Still, he said, "I don't want to sugarcoat it. I think it is going to be an issue. I just don't think it's going to be the epidemic that people think it is."
Cimperman says social service agencies are gearing up to help. Recovery Resources expects to expand its counseling programs and the Cleveland Catholic Diocese is training priests and parish staff members to recognize warning signs.
Like many states, Ohio will have a so-called self-exclusion list that allows troubled gamblers to voluntarily be barred from a casino.
At least 12 states require casinos to implement responsible gaming policies as a condition of getting licensed, according to the American Gaming Association. Ohio will get 2 percent of casino earnings for a fund to help problem gamblers, an estimated $8 million to $9 million each year.
"It's very important as a state that we have a commitment to provide a safety net for these people, to provide the services and the treatment that they might need," Clemens said.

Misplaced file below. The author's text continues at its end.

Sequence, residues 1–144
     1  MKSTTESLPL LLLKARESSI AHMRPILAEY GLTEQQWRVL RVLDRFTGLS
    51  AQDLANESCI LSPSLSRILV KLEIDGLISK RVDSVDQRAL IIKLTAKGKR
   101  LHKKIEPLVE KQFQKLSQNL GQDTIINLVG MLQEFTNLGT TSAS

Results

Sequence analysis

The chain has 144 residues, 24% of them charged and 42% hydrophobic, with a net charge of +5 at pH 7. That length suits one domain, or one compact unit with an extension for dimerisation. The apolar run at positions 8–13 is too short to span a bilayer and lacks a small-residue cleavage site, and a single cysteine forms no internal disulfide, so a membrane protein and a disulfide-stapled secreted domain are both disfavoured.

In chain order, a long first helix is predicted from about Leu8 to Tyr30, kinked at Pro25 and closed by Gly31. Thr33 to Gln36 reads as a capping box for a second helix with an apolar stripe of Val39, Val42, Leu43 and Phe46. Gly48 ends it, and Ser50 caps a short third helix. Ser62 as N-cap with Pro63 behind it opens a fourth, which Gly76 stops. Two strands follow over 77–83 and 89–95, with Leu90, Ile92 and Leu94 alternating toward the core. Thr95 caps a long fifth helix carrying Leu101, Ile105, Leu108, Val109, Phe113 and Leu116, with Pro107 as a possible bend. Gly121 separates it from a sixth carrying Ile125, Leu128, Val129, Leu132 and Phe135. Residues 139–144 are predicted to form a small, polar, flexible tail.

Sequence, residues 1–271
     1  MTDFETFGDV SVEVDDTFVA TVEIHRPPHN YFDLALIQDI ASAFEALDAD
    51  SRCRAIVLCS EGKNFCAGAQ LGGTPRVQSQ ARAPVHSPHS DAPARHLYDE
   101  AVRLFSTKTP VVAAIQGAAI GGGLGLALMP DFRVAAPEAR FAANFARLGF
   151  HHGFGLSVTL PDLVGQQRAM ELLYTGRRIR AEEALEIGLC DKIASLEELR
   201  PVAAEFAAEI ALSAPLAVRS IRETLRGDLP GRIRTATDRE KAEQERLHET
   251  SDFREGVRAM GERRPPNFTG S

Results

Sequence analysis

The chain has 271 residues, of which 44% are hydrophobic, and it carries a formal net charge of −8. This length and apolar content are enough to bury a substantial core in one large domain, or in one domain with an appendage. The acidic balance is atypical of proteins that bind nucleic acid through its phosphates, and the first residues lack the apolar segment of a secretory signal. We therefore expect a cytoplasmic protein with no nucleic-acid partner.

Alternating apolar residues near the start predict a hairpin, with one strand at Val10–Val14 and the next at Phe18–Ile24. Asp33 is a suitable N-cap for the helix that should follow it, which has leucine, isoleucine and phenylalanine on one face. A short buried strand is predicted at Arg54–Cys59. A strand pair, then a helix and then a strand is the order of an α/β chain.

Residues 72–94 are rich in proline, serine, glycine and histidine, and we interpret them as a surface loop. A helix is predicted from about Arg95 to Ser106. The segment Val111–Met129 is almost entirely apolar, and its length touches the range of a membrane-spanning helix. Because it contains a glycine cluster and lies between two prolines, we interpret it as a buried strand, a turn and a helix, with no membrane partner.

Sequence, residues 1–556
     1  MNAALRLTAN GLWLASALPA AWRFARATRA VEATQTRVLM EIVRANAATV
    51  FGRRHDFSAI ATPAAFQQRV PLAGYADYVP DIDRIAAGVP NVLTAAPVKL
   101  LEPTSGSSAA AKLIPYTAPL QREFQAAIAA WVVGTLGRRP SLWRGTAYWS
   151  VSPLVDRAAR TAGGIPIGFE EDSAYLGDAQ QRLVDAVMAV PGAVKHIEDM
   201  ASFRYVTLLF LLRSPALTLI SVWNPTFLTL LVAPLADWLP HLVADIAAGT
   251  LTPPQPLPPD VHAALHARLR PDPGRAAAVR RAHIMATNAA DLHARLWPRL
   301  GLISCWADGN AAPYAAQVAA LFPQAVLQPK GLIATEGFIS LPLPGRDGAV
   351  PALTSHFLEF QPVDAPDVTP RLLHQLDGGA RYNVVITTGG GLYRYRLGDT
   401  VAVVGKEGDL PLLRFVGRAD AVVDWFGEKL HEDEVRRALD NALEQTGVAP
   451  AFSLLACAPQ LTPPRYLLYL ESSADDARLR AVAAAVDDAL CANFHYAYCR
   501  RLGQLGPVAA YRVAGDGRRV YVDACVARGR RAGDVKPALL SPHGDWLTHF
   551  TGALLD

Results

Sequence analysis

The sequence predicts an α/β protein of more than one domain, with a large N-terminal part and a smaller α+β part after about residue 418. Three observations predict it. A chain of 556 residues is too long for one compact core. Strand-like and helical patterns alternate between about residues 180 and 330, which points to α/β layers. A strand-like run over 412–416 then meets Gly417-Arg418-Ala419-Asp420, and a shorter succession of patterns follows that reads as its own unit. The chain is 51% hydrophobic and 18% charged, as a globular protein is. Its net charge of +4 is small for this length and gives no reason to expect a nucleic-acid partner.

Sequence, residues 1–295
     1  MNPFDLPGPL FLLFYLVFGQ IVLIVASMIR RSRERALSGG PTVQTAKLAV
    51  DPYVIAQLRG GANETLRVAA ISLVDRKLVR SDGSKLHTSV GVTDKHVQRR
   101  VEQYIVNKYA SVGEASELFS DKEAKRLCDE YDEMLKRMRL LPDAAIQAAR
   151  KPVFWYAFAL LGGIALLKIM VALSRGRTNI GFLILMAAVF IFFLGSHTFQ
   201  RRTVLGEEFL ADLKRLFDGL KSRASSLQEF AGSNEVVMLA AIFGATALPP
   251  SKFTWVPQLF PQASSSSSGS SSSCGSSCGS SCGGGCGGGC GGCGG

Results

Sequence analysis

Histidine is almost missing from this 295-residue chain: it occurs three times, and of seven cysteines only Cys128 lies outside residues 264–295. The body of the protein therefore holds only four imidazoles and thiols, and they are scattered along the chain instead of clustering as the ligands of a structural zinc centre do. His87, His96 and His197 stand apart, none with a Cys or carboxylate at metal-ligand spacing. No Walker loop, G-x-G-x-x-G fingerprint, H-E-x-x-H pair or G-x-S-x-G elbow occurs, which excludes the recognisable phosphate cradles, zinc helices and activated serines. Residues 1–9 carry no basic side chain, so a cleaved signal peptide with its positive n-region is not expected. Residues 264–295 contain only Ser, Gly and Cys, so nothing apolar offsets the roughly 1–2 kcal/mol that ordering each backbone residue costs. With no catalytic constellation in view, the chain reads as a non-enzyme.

The commission will share a help line with the Ohio Lottery, which already supports counseling agencies that deal with troubled gamblers. It expects to expand its offerings and share programs with the casino commission.
Caesars Entertainment, a partner in the Cleveland casino, said it trains employees to watch for signs of troubled gamblers and on how to be comfortable explaining where help is available. Caesars also said it takes extra steps to watch out for underage gamblers.
The former Marine in the program, which has about 12 people per five-week session, said his interest in gambling began with dabbling in the stock market. Like the former soldier, he estimates his gambling losses surpassed $1 million.
When the market dropped, he said, "I got stressed out about the money and started gambling, then into casinos. Blackjack was really the difficult thing for me to get away from. It was fast-paced, and for me, it was highly addictive."
He worried that the casinos will lure people into betting their rent money or worse.
"When you lose that, it drives you to put more and more money toward the effort and it becomes a sinking ship," he said.
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